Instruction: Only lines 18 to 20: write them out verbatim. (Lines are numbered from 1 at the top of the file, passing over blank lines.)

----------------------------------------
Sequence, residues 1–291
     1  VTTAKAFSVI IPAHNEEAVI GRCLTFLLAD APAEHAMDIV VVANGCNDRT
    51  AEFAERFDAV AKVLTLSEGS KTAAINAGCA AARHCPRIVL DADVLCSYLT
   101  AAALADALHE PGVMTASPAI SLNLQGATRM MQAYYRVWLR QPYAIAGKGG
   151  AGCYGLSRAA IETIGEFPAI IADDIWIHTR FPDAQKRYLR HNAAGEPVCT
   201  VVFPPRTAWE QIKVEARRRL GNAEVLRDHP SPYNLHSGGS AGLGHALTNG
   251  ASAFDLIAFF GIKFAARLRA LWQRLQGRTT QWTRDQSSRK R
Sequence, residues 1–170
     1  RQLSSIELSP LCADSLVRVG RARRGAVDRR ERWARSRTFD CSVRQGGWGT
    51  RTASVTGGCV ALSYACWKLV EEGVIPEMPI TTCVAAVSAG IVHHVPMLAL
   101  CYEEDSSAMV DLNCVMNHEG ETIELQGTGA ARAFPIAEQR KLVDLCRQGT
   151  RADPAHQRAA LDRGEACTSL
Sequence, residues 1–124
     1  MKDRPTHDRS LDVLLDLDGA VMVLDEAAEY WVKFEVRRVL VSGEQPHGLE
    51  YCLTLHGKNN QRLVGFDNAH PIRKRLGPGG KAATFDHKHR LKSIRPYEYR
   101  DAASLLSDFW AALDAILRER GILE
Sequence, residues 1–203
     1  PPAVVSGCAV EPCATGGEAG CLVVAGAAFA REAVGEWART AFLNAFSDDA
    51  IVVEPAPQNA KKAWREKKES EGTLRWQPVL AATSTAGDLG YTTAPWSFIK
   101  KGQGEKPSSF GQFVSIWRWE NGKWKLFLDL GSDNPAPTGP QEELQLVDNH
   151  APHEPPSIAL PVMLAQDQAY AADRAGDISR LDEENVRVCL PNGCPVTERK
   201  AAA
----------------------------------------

     1  PPAVVSGCAV EPCATGGEAG CLVVAGAAFA REAVGEWART AFLNAFSDDA
    51  IVVEPAPQNA KKAWREKKES EGTLRWQPVL AATSTAGDLG YTTAPWSFIK
   101  KGQGEKPSSF GQFVSIWRWE NGKWKLFLDL GSDNPAPTGP QEELQLVDNH